Upper abdomen findings on a CT pulmonary angiogram (performed to exclude a pulmonary embolus) demonstrated findings consistent with chronic pancreatitis, as well as peripancreatic fluid continuous with a large posterior mediastinal fluid collection. Evaluation of the surrounding structures revealed a mass effect on the esophagus (Figure 1). A follow-up MRI/MRCP abdomen confirmed acute on chronic pancreatitis with a peripancreatic T2 hyperintense fluid collection extending into the mediastinum (Figure 2). Contrast enhancement on CT and MRI demonstrated an enhancing and relatively thick wall for the collection, minimal internal debris within the collection, and associated inflammatory changes in the surrounding mediastinum. MRI also demonstrated a mildly dilated tortuous main pancreatic duct with ectatic side branches and pancreatic parenchymal atrophy with diminished T1 signal characteristics, all in keeping with chronic pancreatitis.

The hospital’s multidisciplinary pancreatic group including interventional radiology, thoracic surgery, gastroenterology, and internal medicine discussed the case and considered endoscopic and surgical interventions to carry a significant risk. The decision of the group was for conservative management of the patient. This consisted of pancreatic enzyme replacement with pancrelipase, optimized nutrition, pain control, and serial cross-sectional imaging. The patient was discharged home with instructions to follow up regularly on an outpatient basis.

Follow-up CT 3 months after the initial presentation showed a significant decrease in size of the posterior mediastinal extension of the pseudocyst by an estimated 65%. However, there was also interval development of a small partially loculated left pleural effusion and a left loculated pericardial effusion (Figure 3). The patient did not show up for subsequent scheduled follow-up CT examinations.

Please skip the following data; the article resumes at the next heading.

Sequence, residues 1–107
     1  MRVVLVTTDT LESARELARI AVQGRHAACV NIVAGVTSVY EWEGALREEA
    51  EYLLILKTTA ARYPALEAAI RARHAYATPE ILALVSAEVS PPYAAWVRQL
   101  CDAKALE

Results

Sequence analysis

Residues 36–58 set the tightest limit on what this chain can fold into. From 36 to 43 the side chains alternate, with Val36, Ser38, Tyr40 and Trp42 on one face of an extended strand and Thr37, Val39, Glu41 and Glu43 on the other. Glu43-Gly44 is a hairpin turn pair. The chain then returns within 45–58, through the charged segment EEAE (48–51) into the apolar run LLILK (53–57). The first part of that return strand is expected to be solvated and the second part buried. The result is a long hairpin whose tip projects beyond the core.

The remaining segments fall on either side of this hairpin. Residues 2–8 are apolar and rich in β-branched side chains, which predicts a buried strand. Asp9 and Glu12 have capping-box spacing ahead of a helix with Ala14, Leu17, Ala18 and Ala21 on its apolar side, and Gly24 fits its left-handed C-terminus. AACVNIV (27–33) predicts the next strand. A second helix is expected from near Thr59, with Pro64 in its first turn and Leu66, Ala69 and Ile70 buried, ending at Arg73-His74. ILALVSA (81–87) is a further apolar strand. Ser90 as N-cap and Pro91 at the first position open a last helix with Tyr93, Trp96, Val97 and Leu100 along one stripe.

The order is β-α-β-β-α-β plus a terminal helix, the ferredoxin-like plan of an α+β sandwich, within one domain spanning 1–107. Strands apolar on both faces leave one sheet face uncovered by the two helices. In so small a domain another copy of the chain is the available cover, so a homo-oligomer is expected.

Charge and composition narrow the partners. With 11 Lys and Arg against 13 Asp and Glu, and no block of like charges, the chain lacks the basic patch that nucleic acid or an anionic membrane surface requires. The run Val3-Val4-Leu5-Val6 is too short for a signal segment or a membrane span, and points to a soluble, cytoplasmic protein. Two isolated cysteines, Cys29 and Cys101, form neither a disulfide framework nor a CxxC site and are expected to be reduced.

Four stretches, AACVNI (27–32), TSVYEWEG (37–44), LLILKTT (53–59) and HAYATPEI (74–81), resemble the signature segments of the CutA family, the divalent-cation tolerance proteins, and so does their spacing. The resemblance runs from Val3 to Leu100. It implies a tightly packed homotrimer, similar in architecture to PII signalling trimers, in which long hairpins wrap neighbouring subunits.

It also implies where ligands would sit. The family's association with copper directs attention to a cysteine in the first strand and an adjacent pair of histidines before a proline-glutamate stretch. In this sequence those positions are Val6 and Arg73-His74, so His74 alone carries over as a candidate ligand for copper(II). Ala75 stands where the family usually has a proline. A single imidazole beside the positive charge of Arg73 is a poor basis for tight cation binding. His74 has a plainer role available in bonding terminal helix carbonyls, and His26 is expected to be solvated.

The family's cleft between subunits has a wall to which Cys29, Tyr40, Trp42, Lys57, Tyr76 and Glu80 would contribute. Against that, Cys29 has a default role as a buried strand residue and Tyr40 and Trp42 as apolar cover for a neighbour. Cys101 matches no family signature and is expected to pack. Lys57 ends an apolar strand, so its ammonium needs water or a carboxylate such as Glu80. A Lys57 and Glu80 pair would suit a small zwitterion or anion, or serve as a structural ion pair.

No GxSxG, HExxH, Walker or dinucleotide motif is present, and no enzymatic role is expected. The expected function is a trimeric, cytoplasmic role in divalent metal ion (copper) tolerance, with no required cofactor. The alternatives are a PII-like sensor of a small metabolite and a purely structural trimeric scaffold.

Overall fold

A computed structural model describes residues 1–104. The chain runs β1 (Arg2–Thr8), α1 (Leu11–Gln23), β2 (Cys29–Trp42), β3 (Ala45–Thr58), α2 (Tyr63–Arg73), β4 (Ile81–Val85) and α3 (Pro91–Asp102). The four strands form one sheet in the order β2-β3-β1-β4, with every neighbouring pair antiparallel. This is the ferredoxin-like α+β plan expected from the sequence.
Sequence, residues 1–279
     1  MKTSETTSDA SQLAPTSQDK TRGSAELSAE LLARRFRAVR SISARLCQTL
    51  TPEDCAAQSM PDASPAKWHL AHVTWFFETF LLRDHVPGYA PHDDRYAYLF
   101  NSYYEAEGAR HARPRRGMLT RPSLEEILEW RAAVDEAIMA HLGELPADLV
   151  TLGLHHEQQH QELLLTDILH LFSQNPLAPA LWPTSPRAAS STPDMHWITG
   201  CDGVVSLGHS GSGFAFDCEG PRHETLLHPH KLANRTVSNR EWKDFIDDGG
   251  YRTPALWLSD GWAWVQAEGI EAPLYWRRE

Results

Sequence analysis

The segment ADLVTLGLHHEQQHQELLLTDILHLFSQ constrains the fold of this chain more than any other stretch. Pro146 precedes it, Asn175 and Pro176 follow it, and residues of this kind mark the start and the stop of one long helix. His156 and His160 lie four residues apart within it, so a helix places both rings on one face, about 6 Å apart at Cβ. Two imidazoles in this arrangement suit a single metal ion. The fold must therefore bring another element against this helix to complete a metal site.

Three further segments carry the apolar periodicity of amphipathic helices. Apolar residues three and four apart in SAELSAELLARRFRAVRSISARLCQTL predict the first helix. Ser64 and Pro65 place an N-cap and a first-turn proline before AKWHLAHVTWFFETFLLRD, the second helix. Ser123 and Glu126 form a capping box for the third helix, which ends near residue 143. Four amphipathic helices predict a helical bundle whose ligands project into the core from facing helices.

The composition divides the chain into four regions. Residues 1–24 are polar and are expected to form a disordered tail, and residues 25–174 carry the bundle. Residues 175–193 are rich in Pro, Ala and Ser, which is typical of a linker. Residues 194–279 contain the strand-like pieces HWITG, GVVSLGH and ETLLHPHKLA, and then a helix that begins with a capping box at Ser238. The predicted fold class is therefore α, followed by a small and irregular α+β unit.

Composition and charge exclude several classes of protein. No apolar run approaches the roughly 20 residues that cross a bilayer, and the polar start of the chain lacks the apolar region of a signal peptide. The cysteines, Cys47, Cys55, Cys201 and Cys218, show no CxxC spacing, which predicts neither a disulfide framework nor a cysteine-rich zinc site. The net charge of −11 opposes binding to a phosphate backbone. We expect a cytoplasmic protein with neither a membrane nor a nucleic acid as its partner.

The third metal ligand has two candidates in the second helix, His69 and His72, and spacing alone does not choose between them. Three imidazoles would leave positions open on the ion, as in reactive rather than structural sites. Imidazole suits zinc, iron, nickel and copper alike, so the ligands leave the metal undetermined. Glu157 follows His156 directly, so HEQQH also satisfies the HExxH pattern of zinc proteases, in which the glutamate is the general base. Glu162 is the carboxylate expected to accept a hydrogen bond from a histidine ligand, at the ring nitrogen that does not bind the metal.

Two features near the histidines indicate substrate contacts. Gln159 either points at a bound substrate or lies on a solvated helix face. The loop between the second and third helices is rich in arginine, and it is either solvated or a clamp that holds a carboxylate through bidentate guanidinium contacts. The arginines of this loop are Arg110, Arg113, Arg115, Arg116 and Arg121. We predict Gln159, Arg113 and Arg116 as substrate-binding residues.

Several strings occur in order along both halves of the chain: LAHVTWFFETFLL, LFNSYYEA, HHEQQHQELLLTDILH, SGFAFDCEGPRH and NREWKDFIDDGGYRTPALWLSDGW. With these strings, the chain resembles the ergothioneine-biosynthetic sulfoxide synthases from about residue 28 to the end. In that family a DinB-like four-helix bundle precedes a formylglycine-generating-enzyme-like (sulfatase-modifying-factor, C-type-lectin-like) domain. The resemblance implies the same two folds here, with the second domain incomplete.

3. Discussion

Pancreatic pseudocysts are a common complication of pancreatitis, occurring in 20-40% of chronic pancreatitis cases and 7-25% of acute pancreatitis cases [Ajmera and Judge [4], Rosso et al. [5]]. The majority of cases of pancreatic pseudocysts in adults are secondary to alcohol-induced pancreatitis, while in children, the majority of cases are due to trauma [Johnson [6], Bhasin et al. [7]]. Mediastinal extension of a pseudocyst is a rare complication that has been reported in patients ranging between 7 months and 73 years old [Johnson [6], Bhasin et al. [7]]. Extension into the mediastinum most often occurs when the peripancreatic fluid travels through the esophageal or aortic hiatus into the posterior mediastinum, as in the presented case [Xu et al. [8]]. Peripancreatic fluid may also extend into the middle or anterior mediastinum via the IVC hiatus, a Morgagni hernia, or by direct penetration through the diaphragm [Xu et al. [8]]. A pancreatic pseudocyst may communicate with the main pancreatic duct directly or indirectly via the pancreatic parenchyma.

Conventional peripancreatic pseudocysts typically present with abdominal pain, early satiety, nausea, vomiting, jaundice, and/or bleeding [Vitas and Sarr [9]]. Mediastinal pseudocysts, in contrast, usually lack the conventional pancreatic symptoms and instead have predominantly cardiopulmonary and upper GI findings including dysphagia, dyspnea, chest pain, and palpitations [Segamalai et al. [10]]. More severe presentations include hemothorax, sepsis, acute airway obstruction, congestive heart failure, and cardiogenic shock [Ajmera and Judge [4]]. As complications of mediastinal pseudocysts may be life-threatening, a high index of suspicion is necessary in a patient with pancreatitis who present with atypical symptoms.